I trial fitted upper and lower wing pieces and encountered my only problem; the upper wing centre-section pieces do not marry up unless a lot of plastic is removed from the inner surfaces of both upper and lower parts. Both pieces can be glued together as there are no rigging wires in the centresection. It was at this stage I realised that I could actually assemble the half-wings to the fuselage before rigging, but first I needed to spray the main assemblies. I used a car alloy wheel rattle can for the silver (it looks like silver paint, not metal) and a mixture that I had made up of satin light aircraft grey/sky grey. In the end, I brush-painted the grey as the silver was a bit sensitive to masking tape. Assembling the wings was easy and the entire structure is self-jigging and foolproof. It holds together perfectly even without the top of the upper wing and bottom of the lower wing. Also, the good news is that the lower wing has slight dihedral (correct), which is an improvement over 1/48 Tamiya and 1/32 Trumpeter where the lower wing (built and rigged according to instructions with manufacturer-supplied p/e rigging) had a decided sag. OK, Ready for rigging.
I use elastic thread and the rigging process was simplicity itself as all the holes were there and all I had to do was get the thread through them and pull a bit, securing the end with a spot of superglue (do not get superglue on the rigging at it will frizz it). I managed to rig each side using only one piece of thread. I initially drilled the holes 0.5mm but broke three bits and resorted to 0.7mm which is actually better because in some of the holes, the diameter needs to be big enough for 4 passes of the thread (in some cases, doubling back, the loop secured by tape) and 0.7mm drill bits are much stronger. Each side took about an hour and required light, patience, magnifying spectacles and a pair of good tweezers. Then it was a case of closing up the wings. Remove the locating pins for the lower wings as they are too long and stop them closing up properly. Remember to add the aileron tie rods as they are difficult to get in after assembly and I broke one.
The next stage was to spray the bits that weren’t already silver and should be. The struts should all be medium grey, not silver. I left the rigging unpainted as it catches the light nicely; the Swordfish was braced with streamlined extruded stainless steel rods, not cable, and was actually silver. My rigging thread is actually clear but in the light looks like silver.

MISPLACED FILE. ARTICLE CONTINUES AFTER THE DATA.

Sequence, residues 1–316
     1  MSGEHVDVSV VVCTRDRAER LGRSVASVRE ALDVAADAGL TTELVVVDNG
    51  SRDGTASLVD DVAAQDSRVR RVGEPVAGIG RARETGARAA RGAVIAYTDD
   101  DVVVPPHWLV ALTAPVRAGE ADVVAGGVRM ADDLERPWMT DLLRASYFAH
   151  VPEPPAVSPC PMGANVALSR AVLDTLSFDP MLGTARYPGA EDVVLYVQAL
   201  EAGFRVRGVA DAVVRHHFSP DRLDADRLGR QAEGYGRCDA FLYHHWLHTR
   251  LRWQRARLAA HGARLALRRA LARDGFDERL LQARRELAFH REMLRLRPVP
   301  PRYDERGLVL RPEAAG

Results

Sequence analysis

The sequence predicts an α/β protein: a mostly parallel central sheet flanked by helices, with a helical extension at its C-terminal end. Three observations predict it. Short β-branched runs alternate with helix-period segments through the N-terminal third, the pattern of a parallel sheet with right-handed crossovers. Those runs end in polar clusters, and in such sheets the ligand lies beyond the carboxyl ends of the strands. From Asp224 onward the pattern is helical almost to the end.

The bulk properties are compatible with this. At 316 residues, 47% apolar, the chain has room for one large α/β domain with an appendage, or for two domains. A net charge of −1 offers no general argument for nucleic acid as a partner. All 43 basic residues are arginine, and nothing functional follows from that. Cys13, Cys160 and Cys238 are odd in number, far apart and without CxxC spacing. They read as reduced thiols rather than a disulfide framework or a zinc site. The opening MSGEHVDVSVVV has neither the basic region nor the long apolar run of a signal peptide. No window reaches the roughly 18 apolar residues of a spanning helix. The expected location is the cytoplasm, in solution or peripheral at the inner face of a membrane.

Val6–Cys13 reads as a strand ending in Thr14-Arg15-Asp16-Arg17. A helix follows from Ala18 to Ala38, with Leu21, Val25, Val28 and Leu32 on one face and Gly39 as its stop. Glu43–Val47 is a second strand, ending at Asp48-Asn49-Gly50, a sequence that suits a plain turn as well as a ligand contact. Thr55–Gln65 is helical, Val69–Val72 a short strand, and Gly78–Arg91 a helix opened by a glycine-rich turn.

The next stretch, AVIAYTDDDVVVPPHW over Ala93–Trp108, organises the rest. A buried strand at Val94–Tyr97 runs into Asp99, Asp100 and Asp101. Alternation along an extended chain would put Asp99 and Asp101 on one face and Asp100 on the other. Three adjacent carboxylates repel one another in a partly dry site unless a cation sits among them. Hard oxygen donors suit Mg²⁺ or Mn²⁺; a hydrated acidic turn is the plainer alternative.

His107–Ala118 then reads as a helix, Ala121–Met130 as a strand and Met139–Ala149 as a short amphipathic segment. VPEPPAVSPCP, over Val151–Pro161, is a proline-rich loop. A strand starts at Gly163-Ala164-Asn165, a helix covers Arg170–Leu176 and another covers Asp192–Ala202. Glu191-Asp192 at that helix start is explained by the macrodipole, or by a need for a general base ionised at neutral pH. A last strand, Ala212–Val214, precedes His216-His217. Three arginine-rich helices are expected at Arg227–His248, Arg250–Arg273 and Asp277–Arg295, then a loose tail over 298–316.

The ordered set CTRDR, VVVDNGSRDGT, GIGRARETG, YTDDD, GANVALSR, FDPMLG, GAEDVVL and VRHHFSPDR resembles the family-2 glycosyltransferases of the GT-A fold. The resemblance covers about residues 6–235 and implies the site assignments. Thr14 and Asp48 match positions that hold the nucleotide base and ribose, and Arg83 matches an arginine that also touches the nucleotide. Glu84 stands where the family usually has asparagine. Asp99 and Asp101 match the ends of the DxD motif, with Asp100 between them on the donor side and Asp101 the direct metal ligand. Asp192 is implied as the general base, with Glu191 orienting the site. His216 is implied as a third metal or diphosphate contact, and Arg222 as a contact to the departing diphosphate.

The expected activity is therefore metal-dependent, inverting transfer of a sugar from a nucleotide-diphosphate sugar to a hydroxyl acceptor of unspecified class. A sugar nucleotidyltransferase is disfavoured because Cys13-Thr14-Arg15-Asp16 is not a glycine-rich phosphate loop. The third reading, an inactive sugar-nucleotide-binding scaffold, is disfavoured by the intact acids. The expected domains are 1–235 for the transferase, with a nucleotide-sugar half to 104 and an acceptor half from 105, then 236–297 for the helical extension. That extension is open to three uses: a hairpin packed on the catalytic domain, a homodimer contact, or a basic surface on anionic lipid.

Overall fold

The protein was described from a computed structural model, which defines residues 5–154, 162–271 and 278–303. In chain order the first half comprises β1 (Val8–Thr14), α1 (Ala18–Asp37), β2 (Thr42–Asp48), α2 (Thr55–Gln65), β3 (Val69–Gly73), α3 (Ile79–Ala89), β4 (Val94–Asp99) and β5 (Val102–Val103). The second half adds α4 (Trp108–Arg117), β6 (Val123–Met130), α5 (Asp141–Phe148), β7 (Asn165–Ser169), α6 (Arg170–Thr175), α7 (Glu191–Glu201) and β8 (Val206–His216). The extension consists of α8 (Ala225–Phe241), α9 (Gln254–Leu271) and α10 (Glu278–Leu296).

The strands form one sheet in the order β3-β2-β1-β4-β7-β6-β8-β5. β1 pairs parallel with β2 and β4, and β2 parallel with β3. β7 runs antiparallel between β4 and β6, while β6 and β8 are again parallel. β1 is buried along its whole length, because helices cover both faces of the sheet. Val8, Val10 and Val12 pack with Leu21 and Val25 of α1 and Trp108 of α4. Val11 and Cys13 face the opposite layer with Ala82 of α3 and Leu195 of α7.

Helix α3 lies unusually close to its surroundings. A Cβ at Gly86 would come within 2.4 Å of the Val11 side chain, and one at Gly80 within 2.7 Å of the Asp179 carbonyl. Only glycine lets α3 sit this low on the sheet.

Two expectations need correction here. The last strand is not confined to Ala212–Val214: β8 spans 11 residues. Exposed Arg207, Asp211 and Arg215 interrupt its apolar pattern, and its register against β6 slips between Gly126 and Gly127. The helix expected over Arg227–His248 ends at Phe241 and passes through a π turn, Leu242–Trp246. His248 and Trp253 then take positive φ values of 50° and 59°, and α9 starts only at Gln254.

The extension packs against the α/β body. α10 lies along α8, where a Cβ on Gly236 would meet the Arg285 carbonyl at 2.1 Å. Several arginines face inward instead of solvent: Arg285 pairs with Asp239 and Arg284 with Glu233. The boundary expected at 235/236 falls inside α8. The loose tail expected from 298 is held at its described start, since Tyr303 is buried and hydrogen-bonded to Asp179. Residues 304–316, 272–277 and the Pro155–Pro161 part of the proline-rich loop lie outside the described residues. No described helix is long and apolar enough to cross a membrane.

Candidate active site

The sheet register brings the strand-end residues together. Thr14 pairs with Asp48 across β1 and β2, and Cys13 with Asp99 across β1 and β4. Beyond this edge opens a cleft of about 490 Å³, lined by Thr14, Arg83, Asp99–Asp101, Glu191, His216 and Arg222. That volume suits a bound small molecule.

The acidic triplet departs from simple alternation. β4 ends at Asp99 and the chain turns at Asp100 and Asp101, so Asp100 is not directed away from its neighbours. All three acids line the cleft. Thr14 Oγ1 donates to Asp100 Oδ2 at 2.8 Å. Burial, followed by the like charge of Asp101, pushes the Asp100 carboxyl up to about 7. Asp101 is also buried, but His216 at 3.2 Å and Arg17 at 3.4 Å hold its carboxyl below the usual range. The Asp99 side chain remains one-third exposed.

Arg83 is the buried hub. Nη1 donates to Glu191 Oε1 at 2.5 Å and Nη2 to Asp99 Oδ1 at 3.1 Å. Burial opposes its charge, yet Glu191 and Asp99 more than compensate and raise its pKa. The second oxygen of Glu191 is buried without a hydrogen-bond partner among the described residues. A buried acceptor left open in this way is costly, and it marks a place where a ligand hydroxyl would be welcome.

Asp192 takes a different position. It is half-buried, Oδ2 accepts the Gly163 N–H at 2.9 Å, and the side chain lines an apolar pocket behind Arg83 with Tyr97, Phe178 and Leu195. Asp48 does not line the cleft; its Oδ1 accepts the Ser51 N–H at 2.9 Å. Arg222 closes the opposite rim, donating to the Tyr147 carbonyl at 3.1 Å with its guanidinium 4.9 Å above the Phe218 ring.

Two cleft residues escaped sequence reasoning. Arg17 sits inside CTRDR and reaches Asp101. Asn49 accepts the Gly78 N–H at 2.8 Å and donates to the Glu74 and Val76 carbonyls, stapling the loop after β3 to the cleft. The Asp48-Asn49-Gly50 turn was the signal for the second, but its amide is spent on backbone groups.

I then rigged the tail area including the control cables to rudder and elevator. There are three cable outlets on the fuselage side and the order from top to bottom is (1) top; elevator lower horn (2) middle; rudder: (3) bottom; elevator upper horn. It only remained to add the weaponry and floats which were a tight fit onto the struts so it’s best to open up the large round holes a bit. Incidentally, the small racks outboard under each wing are for flares and, although the instructions do not state it, these are included in the kit (8 parts D27) and can be fitted (they were black with silver tips). I also added the bomb racks but left them empty as torpedoes and bombs were not carried at the same time. There should be a sighting bar across the front cabane struts which I added from sprue; it’s not exactly right but the best I can do at this scale. Again, Mr Eduard can help here. There should also be an aerial mast on the right-hand rear part of the upper centre-section which holds the aerial wire that runs to the fin. The colour drawings also show a whip aerial on the upper fuselage and, although this is fitted to the surviving RN Historic Flight Swordfish, it was not fitted originally. The tie-bars between the front and rear sets of wing bracing wires (seen on the surviving Swordfish) were also not used at the time.
When assembled, the impression is of detail and lots of it. The tail control surfaces can be positioned and the ailerons look distinct and separate. Nice touch and good design. The model comes with beaching gear fitted to the floats and a support for the front of the floats so you’re all set for a diorama.
The decals are nice and quite matt. I’m always suspicious of wrap-around decals but took the plunge for the big chevrons around the fuselage. Sure enough, they are a little too big but the excess is around the cockpit and can be trimmed when dry. The fuselage is full of lumps and bumps but responded well to decal softening solution and the occasional scalpel cut. The red prop warning stripes on the floats are too long and need to be trimmed. The fuselage decals would have been easier if I hadn’t added the control cables; it’s best to do this after decalling but I managed to get them to slide under OK. Finally, I added the aerial wire using the haberdasher’s elastic thread. I also added some navigation lights using MV lenses, of which I have a small stash. I think that these were made for model trains but are perfect for aircraft: red port, green starboard, white rear.
I really enjoyed making this model and am very pleased with the result. The rigging was all done without a blemish to the external surfaces and looks good to me. The kit itself was a pleasure to build; not perfect, but pretty damn close and for the price it is outstanding. I frequently find myself getting frustrated with biplanes but not so with this one which was completely stress-free. Congratulations to New Airfix for raising their game to this new level and I look forward to each new offering.
Model, Images and Text
2014 by Roger Hardy
Page Created 14 July, 2014
14 July, 2014